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Being apart of a diverse creative community

As a beginner, I came into the photography industry with little experience behind the camera. I’ve been in the creative field for almost 15+ years professionally but no photography experience that I could leverage from the start.

The online photography community

I relied on joining photography Facebook groups and asking questions to people on Instagram about what lens or camera they were using. I trolled the comments sections hoping the photographer had given some sort of details on his process. 2.5 years later, I am thankful for the community around me for their help.

I enjoy asking and answering questions on social media. It reminds me of how I started. I’ve also become a huge fan of different photographers simply because they would answer my questions along the way.

How many of you have been guilty of sending a DM to a photographer over social media just to tell them how much they inspire you?

The community is so much bigger than social media, even though it makes up a huge presence. Youtube is also becoming a popular platform for photographers that choose to showcase their behind the scenes shots or editing techniques.

Not everyone is a photographer in this creative community

To me, the photography community is so much more than individual photographers. It is made up of content creators and people who have a passion for this industry. I have met models, make-up artists, stylists, bloggers, and so any more.

I consider them all a part of the community because they actively take part in many of my collaborations. Even if I am the one who initiates the project, I love getting input from other people along the way.

Feedback and encouragement

I knew I wanted feedback on my work, and Facebook was the perfect place to ask. I am apart of countless photography groups just itching with people who give you instant feedback on your work.

Some were very negative but the majority was encouraging and very constructive. I have since started to give my own feedback to people looking to get better at their own work and techniques.

Dealing with criticism

Yes, I know I am a beginner, but that does not stop me from giving my opinion on work when asked. I know some photographers who are quick to tell someone that their work sucks and that they will never “get it”.

This type of criticism exists in all areas of the creative community and photography is no different. Handling rejection of your photography is something you will need to become familiar with because you can’t please everyone.  Just remember the only opinion that should matter is your own. Nobody else should affect how you create the art that you love.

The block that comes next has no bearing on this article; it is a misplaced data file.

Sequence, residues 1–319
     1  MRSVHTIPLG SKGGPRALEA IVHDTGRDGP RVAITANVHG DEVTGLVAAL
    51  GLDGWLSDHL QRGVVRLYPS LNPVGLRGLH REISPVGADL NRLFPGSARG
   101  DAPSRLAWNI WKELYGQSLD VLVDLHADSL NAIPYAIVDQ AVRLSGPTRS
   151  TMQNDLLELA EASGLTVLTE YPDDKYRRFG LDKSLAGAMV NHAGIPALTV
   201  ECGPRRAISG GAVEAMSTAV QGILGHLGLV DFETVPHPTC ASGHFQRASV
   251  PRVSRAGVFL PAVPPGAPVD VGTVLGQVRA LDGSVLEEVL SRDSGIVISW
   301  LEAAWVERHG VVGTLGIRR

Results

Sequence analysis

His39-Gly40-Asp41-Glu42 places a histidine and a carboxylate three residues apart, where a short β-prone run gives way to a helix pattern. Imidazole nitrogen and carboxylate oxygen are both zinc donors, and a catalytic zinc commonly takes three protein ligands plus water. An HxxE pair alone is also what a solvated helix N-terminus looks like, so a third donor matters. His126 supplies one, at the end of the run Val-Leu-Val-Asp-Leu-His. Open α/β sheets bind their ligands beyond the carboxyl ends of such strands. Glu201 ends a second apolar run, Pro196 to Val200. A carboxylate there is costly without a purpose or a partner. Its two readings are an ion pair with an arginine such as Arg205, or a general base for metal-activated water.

How to join the community

The best way to join the creative community is to become a part of the conversation. Again, social media allows for connecting with people and professionals all over the world. Start a profile and join a few local or national photography groups.

Give your feedback to others when they are looking for new ideas or general comments on their work. Hopefully, they will return the favor and give you the same feedback when you’re ready to post your work.

Become a part of the conversation

Encourage the people who have come before you and lift up the people who will come after you. The better the engagement in the community, the more ideas that can be shared and the greater the outcome will be.


Jason Dallas Portraits Model Test ShootsJason The Creative – Dallas Portrait Photographer

Photography just decided to grow on me and I never looked back. I am a portrait photographer growing and specializing in model test shoots. Every one starts somewhere and this is my story. Instagram.com/jasonthecreative


What’s in my camera bag

My Portrait Photography Gear for Model Test Shoots

Sony a7riii Mirrorless Camera
High Resolution Studio Camera
Sony a7iii Mirrorless Camera
Great Photo & Video Camera
Sony 85mm f1.4 GMaster
Best Portrait Lens
Sony 35mm F1.8
Great wide lens for lifestyle shoots
Sony Zeiss 55mm f1.8
First lens I purchased – Amazing and light
Sony 24-70mm F2.8 GMaster
Best all-in-one Portrait Zoom Lens
Sony 24-105 f4.0 G Lens
Best all around walk-around lens

Secondary Portrait Photography Camera and Lens

Sony a6400 Mirrorless Camera (crop-sensor)
Small & amazing quality
Sony 16-55mm f2.8 G Lens
Super sharp and versatile

Sony Mirrorless Bodies You Should See

Sony a7rii
High Quality Studio Camera
Sony a7ii
Great General Purpose Camera
Sony a7sii
High Quality Video Camera
Sony a6600
Photo and Video Camera
Sony a6500
Crop Sensor Video Camera
Sony a6300
Amazing Budget Starter Camera

Full-Frame Lenses You Should Check Out

Tamron 28-75mm F2.8 Lens
Great budget option zoom lens
Sony 70-200 F2.8 Lens
Amazing Quality Zoom Lens
Sony 16-35mm f2.8 Lens
Superb wide-angle Lens
Sony 85mm F1.8 Lens
Great Budget Portrait Lens
Sony 24mm F1.4 Lens
Sharp Wide Prime Lens

Crop-Sensor Lenses You Just Might Need

Tamron 28-75mm F2.8 Lens
Great budget option zoom lens
Sony 18-105 F4.0 Lens
Awesome Video Lens
Sigma 16mm F1.4
Great YouTube Lens
Sigma 30mm F1.4
Sharp & Light Weight Lens
Sigma 56mm F1.4
Go-To Portrait Lens

My Current Off Camera Studio Flash Lighting / Location Kits

Profoto Air Remote TTL-S
Remote Trigger
Profoto B2 250 AirTTL Location Kit
Portable light strobes
Profoto OCF 2×3 Softbox
Portable soft light modifier
Profoto OCF Softbox 2ft Octa
Small direct soft box
Profoto 41in Deep Medium Umbrella
Main studio modifier
Profoto OCF Speedring
Modifier connector


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